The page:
The Defendant challenges the fact that the report and recommendation was issued prior to the release of the transcript. (ECF No. 48, p. 2). The Court has read and reviewed in great detail the transcript of the motion hearing. Contrary to Defendant's objections, there is nothing in the transcript that discredits Drewery's testimony as improbable, contradictory or significantly inconsistent with statements in his affidavit. (ECF No. 48, pp. 2-4; Affidavit of Complaint, Exh. 5). The assertions that Matlock's vehicle was never parked in front of 1498 South or that no one else was observed by the witnesses going into or leaving 1498 South are inconsequential. The affidavit of complaint alleges sufficient facts to support Matlock's arrest. Tenn. R. Crim. P. 3. As required, the affiant offered "more than mere conclusory allegations" despite its failure to include the prior undercover buys or the confidential informant's name. See State v. Henning, 975 S.W.2d 290, 295 (Tenn. 1998) and State v. Moon, 841 S.W.2d 336, 337 (Tenn. Crim. App. 1992).

Credibility determinations by a Magistrate Judge who personally listened to the witness' testimony should be accepted by the district judge unless, in his de novo review of the record, he finds a reason to question the magistrate judge's assessment. See U.S. v. Brown, No. 1:09-cr-9, WL 1345463, *1 (E.D. Tenn. May 7, 2007); U.S. v. Robinson, No. 1:07-CR-1, 2007 WL 2138635, *1 (E.D. Tenn., July 23, 2007); U.S. v. Wallace, No. 1:04-CR-96, 2005 WL 2922226, *9 (E.D. Tenn. Nov. 3, 2005). When reviewing a magistrate judge's credibility determinations on a motion to suppress, the district court recognizes that the magistrate judge is in a better position to assess the credibility of the witnesses she sees and hears. U.S. v. Raddatz, 447 U.S. 667, 673-76 (1980). There is nothing in the record that leads the Court to question the Magistrate Judge's assessment of Detective Drewery's credibility. Further, there is nothing in the record that leads the Court to question the Magistrate Judge's assessment of the defense witnesses' unreliability. Therefore, this objection is also overruled.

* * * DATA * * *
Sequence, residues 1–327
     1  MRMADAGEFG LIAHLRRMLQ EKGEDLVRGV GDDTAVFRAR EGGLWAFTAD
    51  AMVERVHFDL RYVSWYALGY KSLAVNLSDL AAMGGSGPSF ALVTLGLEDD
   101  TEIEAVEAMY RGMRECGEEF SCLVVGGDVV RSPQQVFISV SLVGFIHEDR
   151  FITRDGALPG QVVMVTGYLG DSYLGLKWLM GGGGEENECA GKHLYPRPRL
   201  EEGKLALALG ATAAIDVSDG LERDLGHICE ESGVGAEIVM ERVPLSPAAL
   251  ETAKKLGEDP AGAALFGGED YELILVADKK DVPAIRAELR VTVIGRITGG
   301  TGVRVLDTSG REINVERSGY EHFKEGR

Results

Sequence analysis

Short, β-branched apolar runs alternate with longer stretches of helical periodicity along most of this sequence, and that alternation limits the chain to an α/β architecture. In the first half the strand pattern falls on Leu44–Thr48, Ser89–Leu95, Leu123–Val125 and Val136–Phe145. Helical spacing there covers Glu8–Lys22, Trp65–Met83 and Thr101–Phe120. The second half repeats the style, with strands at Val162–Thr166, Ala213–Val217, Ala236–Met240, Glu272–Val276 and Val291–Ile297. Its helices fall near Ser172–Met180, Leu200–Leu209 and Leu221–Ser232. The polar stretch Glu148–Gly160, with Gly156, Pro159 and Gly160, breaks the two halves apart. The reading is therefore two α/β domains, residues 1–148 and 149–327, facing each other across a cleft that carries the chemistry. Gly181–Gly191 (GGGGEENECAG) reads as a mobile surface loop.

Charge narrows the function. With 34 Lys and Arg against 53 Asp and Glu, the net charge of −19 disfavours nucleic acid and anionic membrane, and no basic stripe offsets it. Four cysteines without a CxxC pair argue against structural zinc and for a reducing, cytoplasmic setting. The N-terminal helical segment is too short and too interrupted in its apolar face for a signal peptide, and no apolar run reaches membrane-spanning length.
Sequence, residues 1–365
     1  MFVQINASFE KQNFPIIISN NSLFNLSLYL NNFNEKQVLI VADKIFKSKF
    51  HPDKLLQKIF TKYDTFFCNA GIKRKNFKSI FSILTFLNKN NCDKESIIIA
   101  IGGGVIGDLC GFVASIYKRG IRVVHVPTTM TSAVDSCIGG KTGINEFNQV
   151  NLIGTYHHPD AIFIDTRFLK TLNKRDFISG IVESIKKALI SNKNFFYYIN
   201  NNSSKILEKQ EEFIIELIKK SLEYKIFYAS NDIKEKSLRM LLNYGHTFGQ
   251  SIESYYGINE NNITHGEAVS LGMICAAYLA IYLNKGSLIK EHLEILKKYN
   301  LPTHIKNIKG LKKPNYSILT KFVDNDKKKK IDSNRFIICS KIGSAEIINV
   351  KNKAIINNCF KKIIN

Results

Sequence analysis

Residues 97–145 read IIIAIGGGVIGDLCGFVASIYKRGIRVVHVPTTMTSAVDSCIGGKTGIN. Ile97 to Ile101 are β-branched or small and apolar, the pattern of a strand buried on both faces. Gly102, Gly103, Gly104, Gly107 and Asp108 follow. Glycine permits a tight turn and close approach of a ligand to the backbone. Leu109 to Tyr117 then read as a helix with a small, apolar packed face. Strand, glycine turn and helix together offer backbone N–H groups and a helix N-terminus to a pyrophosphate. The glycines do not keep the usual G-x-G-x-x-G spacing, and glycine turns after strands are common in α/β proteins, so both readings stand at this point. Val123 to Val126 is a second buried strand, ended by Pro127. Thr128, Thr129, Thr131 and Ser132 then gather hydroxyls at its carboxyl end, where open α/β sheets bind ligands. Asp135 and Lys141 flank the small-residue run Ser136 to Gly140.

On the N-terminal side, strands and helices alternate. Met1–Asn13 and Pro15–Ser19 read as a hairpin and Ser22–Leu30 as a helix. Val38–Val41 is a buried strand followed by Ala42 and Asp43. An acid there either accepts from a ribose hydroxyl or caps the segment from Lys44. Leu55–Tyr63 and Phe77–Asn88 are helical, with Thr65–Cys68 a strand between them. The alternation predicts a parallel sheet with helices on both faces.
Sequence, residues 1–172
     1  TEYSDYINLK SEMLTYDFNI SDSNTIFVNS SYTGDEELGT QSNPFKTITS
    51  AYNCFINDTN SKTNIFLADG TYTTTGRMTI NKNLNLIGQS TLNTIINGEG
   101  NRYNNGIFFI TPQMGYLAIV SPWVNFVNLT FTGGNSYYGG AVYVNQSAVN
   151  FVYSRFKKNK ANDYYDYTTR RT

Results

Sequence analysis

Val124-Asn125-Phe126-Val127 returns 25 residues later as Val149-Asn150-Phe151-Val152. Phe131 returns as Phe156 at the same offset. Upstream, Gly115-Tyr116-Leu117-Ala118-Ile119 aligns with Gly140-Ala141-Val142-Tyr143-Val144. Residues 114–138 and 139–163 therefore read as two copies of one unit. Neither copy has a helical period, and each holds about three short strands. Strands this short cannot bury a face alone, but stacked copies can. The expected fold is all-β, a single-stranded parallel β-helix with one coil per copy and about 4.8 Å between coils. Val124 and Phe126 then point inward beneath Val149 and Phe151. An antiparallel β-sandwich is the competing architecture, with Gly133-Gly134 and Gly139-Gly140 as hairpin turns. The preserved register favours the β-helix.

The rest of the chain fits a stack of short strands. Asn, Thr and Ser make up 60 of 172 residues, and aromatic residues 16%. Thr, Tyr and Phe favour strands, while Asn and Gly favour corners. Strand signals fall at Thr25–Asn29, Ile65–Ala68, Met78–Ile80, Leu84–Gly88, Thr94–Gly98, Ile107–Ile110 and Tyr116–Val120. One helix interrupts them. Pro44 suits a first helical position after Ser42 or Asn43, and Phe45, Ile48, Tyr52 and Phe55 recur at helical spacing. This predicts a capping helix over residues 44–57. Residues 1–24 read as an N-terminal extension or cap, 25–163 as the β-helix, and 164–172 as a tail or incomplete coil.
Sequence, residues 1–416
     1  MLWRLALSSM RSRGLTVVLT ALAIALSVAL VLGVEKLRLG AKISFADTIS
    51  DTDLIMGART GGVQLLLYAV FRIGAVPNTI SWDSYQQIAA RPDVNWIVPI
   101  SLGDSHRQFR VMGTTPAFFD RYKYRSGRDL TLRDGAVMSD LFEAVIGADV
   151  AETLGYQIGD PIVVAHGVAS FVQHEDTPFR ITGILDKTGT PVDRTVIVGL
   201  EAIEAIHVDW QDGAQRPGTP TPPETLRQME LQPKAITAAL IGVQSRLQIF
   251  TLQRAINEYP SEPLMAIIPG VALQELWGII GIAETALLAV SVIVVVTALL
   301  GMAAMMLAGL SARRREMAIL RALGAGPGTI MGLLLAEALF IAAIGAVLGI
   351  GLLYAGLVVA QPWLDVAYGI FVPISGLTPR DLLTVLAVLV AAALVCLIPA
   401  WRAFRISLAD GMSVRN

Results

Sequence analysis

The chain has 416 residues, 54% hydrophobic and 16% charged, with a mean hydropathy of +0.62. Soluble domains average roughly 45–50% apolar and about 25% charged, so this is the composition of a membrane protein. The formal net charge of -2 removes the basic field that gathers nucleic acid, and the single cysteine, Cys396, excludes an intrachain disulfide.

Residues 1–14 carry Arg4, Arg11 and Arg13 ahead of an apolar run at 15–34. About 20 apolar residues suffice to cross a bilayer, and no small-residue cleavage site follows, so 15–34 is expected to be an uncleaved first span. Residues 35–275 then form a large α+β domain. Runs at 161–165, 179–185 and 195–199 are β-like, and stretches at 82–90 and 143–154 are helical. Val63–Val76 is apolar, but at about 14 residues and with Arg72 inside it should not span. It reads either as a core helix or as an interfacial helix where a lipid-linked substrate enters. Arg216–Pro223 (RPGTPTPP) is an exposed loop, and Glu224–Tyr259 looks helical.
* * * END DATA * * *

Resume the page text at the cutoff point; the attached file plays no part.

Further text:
3. The Lack of Documented Evidence Supporting the Undercover Buys